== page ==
Roles of Textural and Surface Properties of Nanoparticles in Ultrasound-Responsive Systems
mediaposted on 2017-12-29, 00:00 authored by Qiaofeng Jin, Chih-Yu Lin, Yuan-Chih Chang, Chia-Min Yang, Chih-Kuang Yeh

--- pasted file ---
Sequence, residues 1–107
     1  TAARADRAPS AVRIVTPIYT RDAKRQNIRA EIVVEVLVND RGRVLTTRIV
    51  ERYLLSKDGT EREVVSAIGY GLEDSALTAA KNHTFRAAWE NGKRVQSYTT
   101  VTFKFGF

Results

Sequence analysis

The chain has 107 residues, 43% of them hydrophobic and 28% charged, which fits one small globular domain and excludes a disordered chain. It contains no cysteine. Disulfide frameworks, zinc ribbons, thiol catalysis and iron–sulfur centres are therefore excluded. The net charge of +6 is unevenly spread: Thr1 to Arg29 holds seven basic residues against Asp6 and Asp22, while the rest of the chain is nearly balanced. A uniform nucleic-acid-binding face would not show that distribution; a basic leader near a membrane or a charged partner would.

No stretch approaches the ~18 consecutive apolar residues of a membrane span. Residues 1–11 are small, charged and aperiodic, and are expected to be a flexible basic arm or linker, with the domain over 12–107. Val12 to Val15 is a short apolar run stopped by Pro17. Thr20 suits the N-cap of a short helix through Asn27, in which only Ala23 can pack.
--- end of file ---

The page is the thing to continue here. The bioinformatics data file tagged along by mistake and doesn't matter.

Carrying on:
Acoustic inertial cavitation (IC) is a crucial phenomenon for many ultrasound (US)-related applications. This study aimed to investigate the roles of textural and surface properties of NPs in IC generation by combining typical IC detection methods with various types of silica model NPs. Acoustic passive cavitation detection, optical high-speed photography, and US imaging have been used to quantify IC activities (referred to as the IC dose, ICD) and describe the physical characteristics of IC activities from NPs. The results showed that the ICDs from NPs were positively correlated to their surface hydrophobicity and that their external surface hydrophobicity plays a much more crucial role than do the textural properties. The high-speed photography revealed that the sizes of IC-generated bubbles from superhydrophobic NPs ranged from 20–40 μm at 4–6 MPa and collapsed in several microseconds. Bubble clouds monitored with US imaging showed that IC from NPs was consistent with the surface hydrophobicity. The simulation results based on the crevice model of cavitation nuclei correlated well with the experimental results. This study has demonstrated that the surface property, instead of the textural property, of NPs dominated the IC generation, and surface nanobubbles adsorbed on the NP surface have been proposed to be cavitation nuclei.